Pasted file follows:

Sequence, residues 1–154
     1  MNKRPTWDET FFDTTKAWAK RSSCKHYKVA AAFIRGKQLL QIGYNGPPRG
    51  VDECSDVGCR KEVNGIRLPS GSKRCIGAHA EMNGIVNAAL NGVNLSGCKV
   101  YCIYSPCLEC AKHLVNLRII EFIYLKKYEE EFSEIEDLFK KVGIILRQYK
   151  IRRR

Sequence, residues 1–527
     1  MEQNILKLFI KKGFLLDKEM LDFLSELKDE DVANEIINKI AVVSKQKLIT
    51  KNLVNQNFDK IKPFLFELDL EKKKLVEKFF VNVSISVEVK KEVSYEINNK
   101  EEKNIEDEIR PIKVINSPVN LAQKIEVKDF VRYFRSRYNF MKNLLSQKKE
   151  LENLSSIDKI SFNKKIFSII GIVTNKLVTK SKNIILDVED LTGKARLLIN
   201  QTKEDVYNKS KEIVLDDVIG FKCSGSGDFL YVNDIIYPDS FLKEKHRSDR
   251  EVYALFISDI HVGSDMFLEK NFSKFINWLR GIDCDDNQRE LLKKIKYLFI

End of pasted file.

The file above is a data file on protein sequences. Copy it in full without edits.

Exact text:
Sequence, residues 1–154
     1  MNKRPTWDET FFDTTKAWAK RSSCKHYKVA AAFIRGKQLL QIGYNGPPRG
    51  VDECSDVGCR KEVNGIRLPS GSKRCIGAHA EMNGIVNAAL NGVNLSGCKV
   101  YCIYSPCLEC AKHLVNLRII EFIYLKKYEE EFSEIEDLFK KVGIILRQYK
   151  IRRR

Sequence, residues 1–527
     1  MEQNILKLFI KKGFLLDKEM LDFLSELKDE DVANEIINKI AVVSKQKLIT
    51  KNLVNQNFDK IKPFLFELDL EKKKLVEKFF VNVSISVEVK KEVSYEINNK
   101  EEKNIEDEIR PIKVINSPVN LAQKIEVKDF VRYFRSRYNF MKNLLSQKKE
   151  LENLSSIDKI SFNKKIFSII GIVTNKLVTK SKNIILDVED LTGKARLLIN
   201  QTKEDVYNKS KEIVLDDVIG FKCSGSGDFL YVNDIIYPDS FLKEKHRSDR
   251  EVYALFISDI HVGSDMFLEK NFSKFINWLR GIDCDDNQRE LLKKIKYLFI